Sean Nichols, a conservation specialist with the Alberta Wilderness Association, said all but one of the deaths can be attributed to human interaction — bears struck by vehicles on highways, shot in self-defence or killed illegally. The other bruin died of undetermined causes.
Although 15 doesn't sound like a huge number, Nichols said the deaths have been adding up over time. The current grizzly population is estimated at about 700.
"This is far, far too many," Nichols said. "When you look at the last 10 years it's 195, and when you take almost 200 out of that 700, you're looking at more than a quarter of the bears in the province."
An official with Alberta Environment and Sustainable Resource Development said the grizzly deaths are regrettable but should be put into perspective.
"The human-caused grizzly bear mortalities in 2012 were actually the lowest we've seen since 2007, and overall the mortality rates appear to be stable with no trends indicating any kind of an increase," said Nikki Booth.
Nichols said the majority of grizzly deaths last year were due to the proliferation of roads, trails, pipelines and other forms of backcountry access.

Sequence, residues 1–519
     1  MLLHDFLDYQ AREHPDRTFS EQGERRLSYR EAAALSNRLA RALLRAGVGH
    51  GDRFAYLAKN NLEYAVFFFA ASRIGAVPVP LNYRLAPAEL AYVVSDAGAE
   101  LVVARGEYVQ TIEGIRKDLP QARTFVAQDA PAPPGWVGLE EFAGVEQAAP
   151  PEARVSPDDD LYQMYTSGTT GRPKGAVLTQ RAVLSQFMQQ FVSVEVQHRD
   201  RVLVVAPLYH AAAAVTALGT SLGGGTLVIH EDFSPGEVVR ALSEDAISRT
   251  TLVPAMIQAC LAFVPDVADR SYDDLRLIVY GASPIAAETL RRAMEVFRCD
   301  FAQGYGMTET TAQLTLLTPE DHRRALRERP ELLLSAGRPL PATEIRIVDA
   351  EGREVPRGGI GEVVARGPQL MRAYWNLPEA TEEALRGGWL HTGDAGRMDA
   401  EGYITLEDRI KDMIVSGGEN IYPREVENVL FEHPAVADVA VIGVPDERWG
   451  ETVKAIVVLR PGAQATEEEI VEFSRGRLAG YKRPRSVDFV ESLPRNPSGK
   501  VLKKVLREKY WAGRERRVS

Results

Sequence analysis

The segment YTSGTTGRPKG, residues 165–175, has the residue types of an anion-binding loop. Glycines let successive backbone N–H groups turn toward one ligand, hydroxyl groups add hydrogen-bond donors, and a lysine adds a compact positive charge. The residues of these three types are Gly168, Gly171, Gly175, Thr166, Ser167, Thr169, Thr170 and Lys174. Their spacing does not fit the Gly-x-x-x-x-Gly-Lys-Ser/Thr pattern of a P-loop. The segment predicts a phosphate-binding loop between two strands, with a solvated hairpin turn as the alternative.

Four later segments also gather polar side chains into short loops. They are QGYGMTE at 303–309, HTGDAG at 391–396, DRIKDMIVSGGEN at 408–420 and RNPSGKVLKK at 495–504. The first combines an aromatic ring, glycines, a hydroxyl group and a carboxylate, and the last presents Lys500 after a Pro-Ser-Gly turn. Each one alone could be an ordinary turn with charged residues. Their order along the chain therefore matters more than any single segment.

"We're seeing too much of that and all the trails, all the roads, all the pipelines, the railroads — it all sort of adds up and they all provide ways for people to get into the backcountry."
The level of public access to backcountry habitat significantly exceeds the maximums established in the government’s 2008 Grizzly Bear Recovery Plan, Nichols said. He wants the province to address this in its South Saskatchewan Regional Plan, a draft of which is to be released later this summer.
"We will be watching very carefully to see if the plan contains specific mechanisms to establish and enforce proper limits so grizzlies can roam in safety," Nichols said.
"When you get the weekend warriors who go out there and don't necessarily respect the land and sort of end up trashing the area, that really causes a lot of stress on the habitat and a lot of stress on the grizzly bears."